Some years ago, when I was asked to deliver an invocation at my congregation’s Oktoberfestfundraising dinner, I recalled the keen and profoundly cynical observation made by the brilliant, mad German philosopher, Friedrich Nietzsche: “The trick,” he said, “is not to arrange a festival, but to find people who are able to enjoy it.”
In Nietzsche’s view, the forces of modernity have stripped us of our innate human capacity to truly experience the kind of deep joy that ought to characterize our festivals, and our lives.
We tend either to turn away in cynical and self-righteous refusal – how can we enjoy ourselves when there is so much chaos and suffering in the world? — or we turn to some more superficial form of fun and entertainment, as a way of distracting ourselves for a time before returning to what we think of as the real work, the serious business of the world.
To be sure, there is no shortage of pseudo-festivity in the world, in both relatively harmless and sometimes more sinister forms: traditional feasts contaminated by commercialism; artificial holidays created in the interest of merchandisers; ceremonies of coercion, decreed by dictators the world over; festivals as military demonstrations; joyless ‘celebrations’ empty of spiritual significance.
The true spirit of festival is something much different, much deeper, and much needed in the world today. We need something more powerful than simply ‘cheering each other up.’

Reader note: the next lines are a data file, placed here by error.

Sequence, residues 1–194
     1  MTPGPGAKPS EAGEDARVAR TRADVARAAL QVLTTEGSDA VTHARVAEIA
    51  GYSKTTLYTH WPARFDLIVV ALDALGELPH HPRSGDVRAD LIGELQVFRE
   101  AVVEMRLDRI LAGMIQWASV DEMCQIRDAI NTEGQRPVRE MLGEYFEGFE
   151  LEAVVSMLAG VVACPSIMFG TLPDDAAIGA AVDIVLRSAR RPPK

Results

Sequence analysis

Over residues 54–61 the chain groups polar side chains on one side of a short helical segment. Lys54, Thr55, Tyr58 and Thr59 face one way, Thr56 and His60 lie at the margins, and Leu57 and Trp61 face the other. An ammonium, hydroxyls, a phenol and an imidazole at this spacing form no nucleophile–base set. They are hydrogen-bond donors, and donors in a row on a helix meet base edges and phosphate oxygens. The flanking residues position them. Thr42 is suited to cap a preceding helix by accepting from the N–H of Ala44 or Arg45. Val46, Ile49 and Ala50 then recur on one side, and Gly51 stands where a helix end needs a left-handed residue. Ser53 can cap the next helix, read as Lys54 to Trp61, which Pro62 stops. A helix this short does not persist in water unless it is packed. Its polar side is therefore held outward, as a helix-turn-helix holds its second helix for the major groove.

In his wonderful little book entitled, In Tune With the World: A Theory of Festivity, another German thinker, the Jesuit theologian, Joseph Pieper, wrote that: “The highest form of life affirmation is the festival; the holding of a festival means: an affirmation of the basic goodness of the world, and an agreement to live out and fulfil one’s inclusion in that world, in an extraordinary manner, different from the everyday.” True festivity, he says, is the very origin of culture, its inmost and ever-central source.
Pieper’s phrase, ‘life affirmation,’ is a pretty good description of how I view ‘worship’ in the Unitarian Universalist tradition. Worship need not be an escape from the responsibilities of life and the demands of social justice. On the contrary, the true spirit of celebration can enliven and transform our communities in ways that more serious and ‘sober’ approaches sometimes fail to do. To paraphrase what Emma Goldman famously said about revolution, “If I can’t celebrate, I don’t want to be part of your worship.”
The deeply world-affirming attitude signified by festival is very much a Unitarian Universalist value. Even as we acknowledge and seek to overcome suffering and injustice in the world, we recognize that sources of joy also abound. Our liberal religious tradition holds both of these truths in creative tension as we gather to fulfill our mission.
My prayer at that Oktoberfest dinner concluded simply: “as we enter into the spirit of festivity, may we be willing to allow the spirit of festivity to enter into us.” I believe even more strongly than ever that we must open ourselves to the spirit of festivity and to cultivate our capacity for enjoyment, our ability truly to celebrate together.
In good and festive faith,